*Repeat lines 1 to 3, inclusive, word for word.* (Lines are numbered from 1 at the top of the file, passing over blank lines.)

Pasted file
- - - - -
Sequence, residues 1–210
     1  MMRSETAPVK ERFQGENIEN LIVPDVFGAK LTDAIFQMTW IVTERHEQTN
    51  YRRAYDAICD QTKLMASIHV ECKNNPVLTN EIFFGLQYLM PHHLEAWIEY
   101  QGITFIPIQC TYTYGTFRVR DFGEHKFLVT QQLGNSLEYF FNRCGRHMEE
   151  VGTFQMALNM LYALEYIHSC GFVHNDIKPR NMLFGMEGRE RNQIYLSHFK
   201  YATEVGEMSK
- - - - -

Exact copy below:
Sequence, residues 1–210
     1  MMRSETAPVK ERFQGENIEN LIVPDVFGAK LTDAIFQMTW IVTERHEQTN
    51  YRRAYDAICD QTKLMASIHV ECKNNPVLTN EIFFGLQYLM PHHLEAWIEY